BEIJING: S&P Global cut its forecast for economic growth in China this year, underscoring the uneven nature of the country’s post-reopening recovery that is spurring more calls for further stimulus.
S&P now expects China to log gross domestic product growth of 5.2 percent in 2023, down from an earlier estimate of 5.5 percent. It was the first such cut by a global credit ratings agency this year and follows lowered predictions by Goldman Sachs and other major investment banks.
“China’s key downside growth risk is that its recovery loses more steam amid weak confidence among consumers and in the housing market,” S&P said in a statement on Sunday.
The world’s second-largest economy has slowed in recent months after coming back to life with the lifting of three years of restrictive zero-COVID policies. In May, property investment slumped further, industrial output and retail sales growth missed forecasts, and youth unemployment hit a record 20.8 percent.
Forecasts for China GDP growth this year range between 4.4 percent and 6.2 percent.
S&P said likely measures to bolster the economy could include “easing housing purchasing restrictions and mortgage down-payment requirements, expanding credit and infrastructure financing and, perhaps, fiscal support for consumption.”
Ning Jizhe, a senior economic official with the country’s top political advisory body and the former head of China’s statistics bureau, is among the policy advisers calling for more supportive measures to be rolled out.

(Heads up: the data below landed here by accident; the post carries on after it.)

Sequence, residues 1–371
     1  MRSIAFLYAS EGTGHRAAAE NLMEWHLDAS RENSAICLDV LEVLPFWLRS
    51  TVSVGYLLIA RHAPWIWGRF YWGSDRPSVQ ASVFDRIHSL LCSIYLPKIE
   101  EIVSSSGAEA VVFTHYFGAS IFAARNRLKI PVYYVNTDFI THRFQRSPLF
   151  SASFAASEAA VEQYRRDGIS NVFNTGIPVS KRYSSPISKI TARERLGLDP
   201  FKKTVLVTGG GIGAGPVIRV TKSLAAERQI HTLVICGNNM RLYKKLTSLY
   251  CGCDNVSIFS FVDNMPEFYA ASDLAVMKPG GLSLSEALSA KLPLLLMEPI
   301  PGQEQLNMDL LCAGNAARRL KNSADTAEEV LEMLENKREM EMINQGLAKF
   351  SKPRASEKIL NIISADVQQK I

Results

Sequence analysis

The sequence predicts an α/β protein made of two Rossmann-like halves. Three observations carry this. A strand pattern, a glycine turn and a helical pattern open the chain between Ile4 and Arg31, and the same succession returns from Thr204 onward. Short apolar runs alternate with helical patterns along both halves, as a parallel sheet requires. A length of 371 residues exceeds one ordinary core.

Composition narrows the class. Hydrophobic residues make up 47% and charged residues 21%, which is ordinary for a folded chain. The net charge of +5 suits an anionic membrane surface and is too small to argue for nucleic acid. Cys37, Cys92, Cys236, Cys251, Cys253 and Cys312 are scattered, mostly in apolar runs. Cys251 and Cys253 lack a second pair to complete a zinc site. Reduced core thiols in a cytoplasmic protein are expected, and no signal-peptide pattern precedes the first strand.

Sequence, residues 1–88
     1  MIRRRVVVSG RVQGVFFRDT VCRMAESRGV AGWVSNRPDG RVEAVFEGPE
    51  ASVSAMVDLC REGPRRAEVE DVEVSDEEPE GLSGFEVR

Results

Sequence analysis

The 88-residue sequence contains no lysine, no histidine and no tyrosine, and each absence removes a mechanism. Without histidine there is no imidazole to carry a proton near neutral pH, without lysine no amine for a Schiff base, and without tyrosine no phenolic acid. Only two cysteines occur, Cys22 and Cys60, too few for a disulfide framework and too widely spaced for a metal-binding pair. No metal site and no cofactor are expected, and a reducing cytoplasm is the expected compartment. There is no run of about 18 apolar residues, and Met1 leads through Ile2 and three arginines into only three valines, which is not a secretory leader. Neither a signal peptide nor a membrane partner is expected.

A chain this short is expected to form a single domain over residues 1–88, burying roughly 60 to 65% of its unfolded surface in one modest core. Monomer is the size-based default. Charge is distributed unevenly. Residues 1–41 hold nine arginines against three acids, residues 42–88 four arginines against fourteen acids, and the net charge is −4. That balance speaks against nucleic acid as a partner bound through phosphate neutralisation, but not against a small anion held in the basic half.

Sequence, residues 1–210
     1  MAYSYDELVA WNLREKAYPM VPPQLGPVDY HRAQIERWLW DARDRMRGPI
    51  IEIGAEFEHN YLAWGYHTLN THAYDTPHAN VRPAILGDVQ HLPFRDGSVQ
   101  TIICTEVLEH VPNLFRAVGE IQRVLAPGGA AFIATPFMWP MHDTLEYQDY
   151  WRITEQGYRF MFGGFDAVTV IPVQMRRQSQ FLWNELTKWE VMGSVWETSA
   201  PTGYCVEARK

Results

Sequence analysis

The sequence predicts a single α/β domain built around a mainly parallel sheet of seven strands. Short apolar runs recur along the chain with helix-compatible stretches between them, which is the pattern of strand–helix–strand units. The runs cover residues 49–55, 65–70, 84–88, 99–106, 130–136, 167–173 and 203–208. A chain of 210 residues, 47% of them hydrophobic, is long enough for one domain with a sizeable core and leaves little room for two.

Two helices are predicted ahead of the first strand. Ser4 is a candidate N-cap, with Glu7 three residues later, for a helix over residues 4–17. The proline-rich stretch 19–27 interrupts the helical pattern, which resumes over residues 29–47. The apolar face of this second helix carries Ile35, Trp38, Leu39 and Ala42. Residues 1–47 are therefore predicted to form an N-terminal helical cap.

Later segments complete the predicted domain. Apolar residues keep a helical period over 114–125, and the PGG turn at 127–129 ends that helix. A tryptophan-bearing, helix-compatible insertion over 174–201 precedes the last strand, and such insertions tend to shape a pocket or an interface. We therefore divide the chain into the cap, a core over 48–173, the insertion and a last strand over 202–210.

“It is better to introduce measures sooner than later,” he said at a forum in Beijing on Sunday, adding that the impact of the measures “ought not to be small.”
Last week, China cut its key lending benchmarks, the first such reductions in 10 months. A week earlier, the People’s Bank of China lowered short- and medium-term policy rates.
The world’s second-biggest economy will roll out more stimulus this year, sources involved in policy discussions have said.
Last week, three major state-run securities newspapers published front-page articles that cited economists as saying that the PBOC will likely further ease monetary policy.
And on Sunday, state-controlled Global Times painted a grim picture of the economy, reporting that many graduates are visiting temples to pray amid rising anxiety over finding a job.
Markets broadly expect stimulus policies to be unveiled after a regular meeting of the Communist Party’s political bureau in July.
“The government is allowing more calls from state media to prepare public opinion for that (politburo) meeting and raise expectations (for more stimulus),” said Nie Wen, a Shanghai-based economist at the investment firm Hwabao Trust.
Further highlighting pessimism over the economy, China and Hong Kong stocks slumped on Monday after disappointing domestic tourism figures for last week’s three-day Dragon Boat Festival, while the yuan also weakened against the dollar.